Will ‘low’ outshine ‘no’ when it comes to mindful wine consumption? Lucy Britner asks the experts

There’s no denying that low and no-alcohol wine just hasn’t captured the low/no world in the same way as beer and spirits. While there’s talk of new technology to create that all-important mouthfeel, experts suggest that growth in the short term might stem from the low camp, rather than the no one.

According to the IWSR Vinexposium Report 2021, while low and no-alcohol spirits, beers and RTDs are experiencing growing momentum, there is still work to do on wine. The report finds that regular wine drinkers have expressed concern about the taste of low and no-abv wines, as well as factors such as poor availability and lack of knowledge of the wines.

“There’s a possible opportunity for no/low-alcohol sparkling wines,” the report adds.

And while the IWSR’s charts suggest that no-alcohol beer is set to grow ahead of its low-abv counterpart, the opposite is expected to be true for wine.

Citing data from IWSR Drinks Market Analysis, Lulie Halstead, Wine Intelligence chief executive, says that globally, low-alcohol still wine is expected to grow at a volume CAGR of approximately 15% (2021-2025) compared to 8% for no-alcohol still wine.

“Wine faces the biggest challenge among the low/no categories of meeting consumer expectations of taste and mouthfeel and offering an equivalent experience to alcoholic options,” she explains. “This is why, generally, low-alcohol wines are more popular and expected to out-perform no-alcohol, as it is more possible to get a better-tasting, quality product. Dynamics will vary slightly by market.”

Conversely, global no-alcohol beer is expected to grow at a volume CAGR of approximately 10% (2021-2025), versus low-alcohol beer at 1%, according to IWSR data.

“In contrast to no-alcohol wine, no-alcohol beer can replace a beer occasion, but can also expand into new, non-traditional occasions such as soft drinks, which is one of the reasons for its strong forecast over low-alcohol, as well as the fact these products now taste good and are perceived as more equivalent to alcohol versions,” Halstead adds.

There are some concerns, though, over consumer understanding. Gyles Walker, buyer for low/no drinks at the Co-op, says that where customers are looking for less alcohol, they tend to buy an entry-level full-strength wine and mix it with soda water or lemonade. He says there’s potential for the below 8.5% abv camp, but “through traditional product lines”. Meanwhile, he describes below 5.5% as “an area unlikely to grow as it’s a confused message for the customer – and they’re not really buying into the ‘fusion brands’”. However, he’s clear that below 0.5% abv “will grow as quality increases”.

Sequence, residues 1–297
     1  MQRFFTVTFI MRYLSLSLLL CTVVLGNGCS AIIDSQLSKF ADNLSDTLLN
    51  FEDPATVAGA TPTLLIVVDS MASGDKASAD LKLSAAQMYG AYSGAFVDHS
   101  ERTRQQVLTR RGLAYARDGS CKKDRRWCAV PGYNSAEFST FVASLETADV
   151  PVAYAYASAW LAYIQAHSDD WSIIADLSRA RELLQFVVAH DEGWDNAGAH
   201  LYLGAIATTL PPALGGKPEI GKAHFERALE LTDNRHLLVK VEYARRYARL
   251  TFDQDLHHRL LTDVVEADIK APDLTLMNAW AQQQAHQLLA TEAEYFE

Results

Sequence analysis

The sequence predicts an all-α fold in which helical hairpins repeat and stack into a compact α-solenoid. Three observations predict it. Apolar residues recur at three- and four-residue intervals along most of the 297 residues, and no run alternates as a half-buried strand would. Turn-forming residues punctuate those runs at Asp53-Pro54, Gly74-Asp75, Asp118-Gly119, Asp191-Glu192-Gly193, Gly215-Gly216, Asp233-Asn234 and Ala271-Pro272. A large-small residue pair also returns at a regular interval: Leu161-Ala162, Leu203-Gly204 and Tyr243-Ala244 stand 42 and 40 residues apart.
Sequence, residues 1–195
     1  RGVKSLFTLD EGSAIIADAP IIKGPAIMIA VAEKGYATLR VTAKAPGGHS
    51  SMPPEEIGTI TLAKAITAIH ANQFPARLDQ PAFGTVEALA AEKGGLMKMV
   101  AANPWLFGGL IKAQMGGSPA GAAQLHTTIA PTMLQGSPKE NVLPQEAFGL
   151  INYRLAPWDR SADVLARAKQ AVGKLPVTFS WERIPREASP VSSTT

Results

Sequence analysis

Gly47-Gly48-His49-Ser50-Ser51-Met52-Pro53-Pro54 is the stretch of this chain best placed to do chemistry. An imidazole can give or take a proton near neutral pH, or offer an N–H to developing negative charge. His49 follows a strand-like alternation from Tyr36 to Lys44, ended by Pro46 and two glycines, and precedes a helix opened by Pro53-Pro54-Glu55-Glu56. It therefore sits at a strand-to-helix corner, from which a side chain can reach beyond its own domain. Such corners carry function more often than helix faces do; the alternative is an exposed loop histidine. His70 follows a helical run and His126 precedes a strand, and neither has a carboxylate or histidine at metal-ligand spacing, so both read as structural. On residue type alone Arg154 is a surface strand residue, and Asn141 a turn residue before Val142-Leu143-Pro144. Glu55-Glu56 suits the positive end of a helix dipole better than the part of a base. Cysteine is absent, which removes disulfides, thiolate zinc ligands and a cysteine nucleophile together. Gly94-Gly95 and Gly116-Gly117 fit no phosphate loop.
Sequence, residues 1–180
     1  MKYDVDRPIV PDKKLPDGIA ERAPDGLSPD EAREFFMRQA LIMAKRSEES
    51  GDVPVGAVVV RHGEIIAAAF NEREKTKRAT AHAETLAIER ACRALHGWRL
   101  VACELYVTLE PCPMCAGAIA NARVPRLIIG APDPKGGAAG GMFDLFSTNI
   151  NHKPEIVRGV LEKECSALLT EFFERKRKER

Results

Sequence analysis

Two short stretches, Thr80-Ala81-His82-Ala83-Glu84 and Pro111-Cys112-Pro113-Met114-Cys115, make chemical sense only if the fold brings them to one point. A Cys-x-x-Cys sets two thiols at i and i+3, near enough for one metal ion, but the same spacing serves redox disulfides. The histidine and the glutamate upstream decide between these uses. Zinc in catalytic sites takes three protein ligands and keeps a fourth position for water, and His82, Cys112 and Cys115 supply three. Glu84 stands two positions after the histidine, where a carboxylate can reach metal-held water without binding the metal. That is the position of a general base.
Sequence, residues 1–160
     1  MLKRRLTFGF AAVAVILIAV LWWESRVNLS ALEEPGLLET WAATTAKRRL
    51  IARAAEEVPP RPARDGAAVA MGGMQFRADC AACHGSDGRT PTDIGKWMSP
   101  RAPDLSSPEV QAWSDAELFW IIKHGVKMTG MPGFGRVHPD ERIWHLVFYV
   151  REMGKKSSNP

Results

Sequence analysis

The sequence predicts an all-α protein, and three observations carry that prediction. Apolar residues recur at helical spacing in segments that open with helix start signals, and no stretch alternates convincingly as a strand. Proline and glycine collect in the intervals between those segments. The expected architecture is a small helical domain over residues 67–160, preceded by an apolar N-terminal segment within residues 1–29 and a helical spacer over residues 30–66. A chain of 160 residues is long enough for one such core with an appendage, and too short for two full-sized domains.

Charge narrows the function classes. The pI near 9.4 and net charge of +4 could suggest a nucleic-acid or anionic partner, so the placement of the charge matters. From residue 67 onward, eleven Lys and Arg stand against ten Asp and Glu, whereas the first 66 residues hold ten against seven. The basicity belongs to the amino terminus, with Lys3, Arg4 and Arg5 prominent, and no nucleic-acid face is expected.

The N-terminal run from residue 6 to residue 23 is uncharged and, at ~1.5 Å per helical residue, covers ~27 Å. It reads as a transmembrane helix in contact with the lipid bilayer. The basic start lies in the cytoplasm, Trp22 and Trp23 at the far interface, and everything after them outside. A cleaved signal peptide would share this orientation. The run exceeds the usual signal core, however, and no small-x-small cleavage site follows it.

“We need to find a [still] version that matches the flavour and mouthfeel of a full-strength wine,” he says. “Sparkling versions do overcome some of this, but as an industry we need great quality still wine versions.”

Talia Broederlow, founder of new non-alcoholic online shop Sippers, agrees that taste and mouthfeel can be a barrier for wine consumers, especially in the non-alcohol camp. “I’d love to see more of a global variety of red, white and rosé wines which taste closer to the real thing, as it’s difficult to get the full body flavours of the alcoholic versions,” she says.

Like Walker and the IWSR, Broederlow sees more opportunities for sparkling. “We’re lucky enough to have found some amazing non-alcoholic (de-alcoholised) sparkling wine.” She highlights Noughty, which she claims tastes “almost exactly the same as your alcoholic sparkling options and is very popular with our customers”.

Noughty is made by B-Corp certified Thomson & Scott. The alcohol-free sparkling wine is organic, vegan, halal and low in sugar – and it comes in a Chardonnay and a rosé.

Co-op’s Walker also highlights increased presence for sparkling wine in his stores. He says that while low/no is still a very small part of the category, he is seeing ongoing growth, which he expects to continue this year. “To meet this demand, we’ve increased the distribution of lines such as Nozeco Sparkling, so it’s in more stores, and we have brought in a non-alcoholic botanical drink,” he says.


There are also broader considerations when it comes to wine, as mindful drinking organisation Club Soda’s co-founder Laura Willoughby points out.

“People’s view of alcohol-free wine depends on their proximity to alcoholic wine,” she says. “So, people who might be looking to moderate and still drink alcoholic wine will definitely feel the difference between an alcoholic wine and a dealcoholised wine. For people like me, who haven’t drunk for a long time, the newer alcohol-free wines coming out are certainly an improvement, but they are also a really good drink, in a wine style, in their own right.”

And there are other, endemic barriers afoot. Willoughby adds: “I think the problem with the wine community is that they see alcohol-free wine as a lesser version of wine rather than saying ‘here’s a drink in a wine style that is delicious in its own right and will have its own audience’. I think sometimes it’s the wine sector’s own snobbery that stops it exploring these a bit more.”

While the short-term prospects might be better for the low camp, there’s no doubt that both thirst for and innovation around no-abv wines will continue, bringing growth along for the ride.